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Everything originating from nature on Earth can be broken down into 98 elements

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Everything on Earth, in our Solar System, in our Galaxy, in fact, everything in the entire Universe that you can touch or see, or feel, or smell can be broken down into just 98 naturally-occurring materials that are called 'elements'. Some elements you might know are oxygen, iron, gold and silver. So you'd think that with only 98-naturally-occurring materials that it would be easy to link those materials with nutrition needed by the human body to prevent sickness and maintain good health.

When one or more elements stick together, they form 'molecules'. These make up all the other thousands of materials in the Universe. Water and carbon dioxide are both molecules. But some elements don't like to play with others, and don't stick to other elements to create molecules. 'Noble gases' are a group of elements that particularly dislike sticking to other elements, so they are mostly found on their own, says in laboratories on Earth, leading astronomers to assume the right conditions simply do not occur in space, according to a December 23, 2013 news release, "Cosmic conditions suitable for the noble class."

Having said that, under the right circumstances noble gases can form molecules. These conditions have been created in laboratories many times and many noble gas molecules have been created by scientists. But these rare molecules have never been found out in space, leading scientists to believe that the “right conditions” for these molecules just don't exist in space — until now.

The Crab Nebula, which can be seen in this picture, formed 1000 years ago when a massive star exploded. A new study of this well-known object has uncovered something very surprising — a rare molecule called argon hydride (pronounced 'ahr-gon hide-ride'). This is a molecule formed when the noble gas 'argon' joins with the most common element in the Universe, 'hydrogen'. It seems that the Crab Nebula provides exactly those “right conditions” that we’d almost given up all hope of finding.

There are actually 118 elements known altogether, but only 98 of them occur in nature

All of the other elements are strictly man-made. All known elements have been listed and categorized neatly in the periodic table. A molecule containing a noble gas has been discovered in space by a team including astronomers from Cardiff University, says a December 13, 2013 news release, "Noble gas molecule discovered in space."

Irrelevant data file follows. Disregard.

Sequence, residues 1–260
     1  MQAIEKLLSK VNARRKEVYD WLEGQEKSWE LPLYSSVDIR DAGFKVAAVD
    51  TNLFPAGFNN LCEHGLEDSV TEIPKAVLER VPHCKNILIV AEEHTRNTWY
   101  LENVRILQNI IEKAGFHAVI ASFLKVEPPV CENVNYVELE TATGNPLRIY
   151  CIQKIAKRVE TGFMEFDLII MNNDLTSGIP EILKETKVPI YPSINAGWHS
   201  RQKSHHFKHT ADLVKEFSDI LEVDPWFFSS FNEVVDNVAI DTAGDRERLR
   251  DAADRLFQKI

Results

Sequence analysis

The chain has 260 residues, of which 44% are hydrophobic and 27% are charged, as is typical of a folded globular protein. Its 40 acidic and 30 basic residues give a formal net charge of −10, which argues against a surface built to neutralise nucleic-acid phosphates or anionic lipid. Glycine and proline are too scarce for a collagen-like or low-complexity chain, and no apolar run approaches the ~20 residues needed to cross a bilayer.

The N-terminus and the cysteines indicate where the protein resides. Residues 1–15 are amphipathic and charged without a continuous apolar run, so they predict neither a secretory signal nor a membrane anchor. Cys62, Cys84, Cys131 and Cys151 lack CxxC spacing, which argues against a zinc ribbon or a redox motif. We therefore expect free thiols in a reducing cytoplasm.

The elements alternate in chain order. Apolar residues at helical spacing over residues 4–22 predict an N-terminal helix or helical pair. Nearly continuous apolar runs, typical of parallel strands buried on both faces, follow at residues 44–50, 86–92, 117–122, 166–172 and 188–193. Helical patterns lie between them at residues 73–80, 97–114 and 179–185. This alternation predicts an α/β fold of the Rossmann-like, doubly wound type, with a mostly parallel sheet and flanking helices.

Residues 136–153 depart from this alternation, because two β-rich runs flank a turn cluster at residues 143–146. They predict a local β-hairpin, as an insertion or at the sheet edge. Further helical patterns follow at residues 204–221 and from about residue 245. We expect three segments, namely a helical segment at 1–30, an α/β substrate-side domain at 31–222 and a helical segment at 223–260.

The find was made using a Cardiff-led instrument aboard Europe's Herschel Space Observatory. The molecule, argon hydride, was seen in the Crab Nebula, the remains of a star that exploded 1,000 years ago. Before the discovery, molecules of this kind have only been studied in laboratories on Earth.

The noble gases, which include helium, argon, radon and krypton, usually do not react easily with other chemical elements, and are often found on their own

In the right circumstances, however, they can form molecules with other elements. Such chemical compounds have only ever been studied in laboratories on Earth, leading astronomers to assume the right conditions simply do not occur in space.

"The Crab Nebula was only formed 1000 years ago when a massive star exploded", says Dr Haley Gomez of Cardiff University's School of Physics and Astronomy, according to the December 13, 2013 news release, Noble gas molecule discovered in space. "Not only is it very young in astronomical terms, but also relatively close, at just 6,500 light years away, providing an excellent way to study what happens in these stellar explosions. Last year, we used the European Space Agency’s Herschel Space Observatory to study the intricate network of gas filaments to show how exploding stars are creating huge amounts of space dust."

Further measurements of the Crab Nebula were made using Herschel's SPIRE instrument

Its development and operation was led by Professor Matt Griffin, from the School of Physics and Astronomy. As molecules spin in space, they emit light of very specific wavelengths, or colours, called "emission lines". The precise wavelength is dictated by the composition and structure of the molecule. Studying the emission lines observed by the SPIRE instrument allows astronomers to study the chemistry of outer space.

The team, led by Professor Mike Barlow from University College London, did not set out to make the discovery, but stumbled upon it almost by accident. "We were really concentrating on studying the dust in the filaments with SPIRE, and out pops these two bright emission lines exactly where we see the dust shining," says Dr Gomez in the news release. "The team had a hard time figuring out what these lines were from, as no-one had seen them before."

The measurements allowed the team to gauge other properties in argon molecules

"Finding this kind of molecule allowed us to evaluate the type (or isotope) of argon we discovered in the Crab Nebula," says Dr Gomez in the news release. "We now know that it is different from argon we see in rocks on the Earth. Future measurements will allow us to probe what exactly took place in the explosion 1000 years ago."

"What a great detective story,"adds Professor Matt Griffin, from Cardiff University, and lead scientist of the team behind the SPIRE instrument, according to the news release. "Here we see the excellent performance of the Herschel-SPIRE spectrometer, the expertise of the instrument team in producing the highest quality data, and the tenacity and vision of the scientists analyzing it, all coming together to make an intriguing new discovery."



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